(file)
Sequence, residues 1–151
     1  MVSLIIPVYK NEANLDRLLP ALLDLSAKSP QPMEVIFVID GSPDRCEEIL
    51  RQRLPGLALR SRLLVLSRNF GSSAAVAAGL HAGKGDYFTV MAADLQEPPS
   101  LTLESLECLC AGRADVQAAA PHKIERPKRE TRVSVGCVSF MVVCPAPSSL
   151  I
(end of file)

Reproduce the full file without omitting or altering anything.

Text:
Sequence, residues 1–151
     1  MVSLIIPVYK NEANLDRLLP ALLDLSAKSP QPMEVIFVID GSPDRCEEIL
    51  RQRLPGLALR SRLLVLSRNF GSSAAVAAGL HAGKGDYFTV MAADLQEPPS
   101  LTLESLECLC AGRADVQAAA PHKIERPKRE TRVSVGCVSF MVVCPAPSSL
   151  I